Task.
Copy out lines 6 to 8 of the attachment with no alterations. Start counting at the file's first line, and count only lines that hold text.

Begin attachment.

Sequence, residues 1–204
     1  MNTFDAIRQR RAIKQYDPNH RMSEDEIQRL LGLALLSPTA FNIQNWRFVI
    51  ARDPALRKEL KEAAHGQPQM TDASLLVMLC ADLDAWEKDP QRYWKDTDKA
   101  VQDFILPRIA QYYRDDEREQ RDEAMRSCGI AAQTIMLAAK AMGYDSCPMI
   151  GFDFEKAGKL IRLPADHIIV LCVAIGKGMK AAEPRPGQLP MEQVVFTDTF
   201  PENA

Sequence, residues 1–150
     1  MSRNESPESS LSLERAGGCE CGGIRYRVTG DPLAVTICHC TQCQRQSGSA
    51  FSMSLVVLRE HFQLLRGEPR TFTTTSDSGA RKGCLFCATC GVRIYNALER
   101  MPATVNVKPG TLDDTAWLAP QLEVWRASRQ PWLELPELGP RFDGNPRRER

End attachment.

   201  PENA

Sequence, residues 1–150
     1  MSRNESPESS LSLERAGGCE CGGIRYRVTG DPLAVTICHC TQCQRQSGSA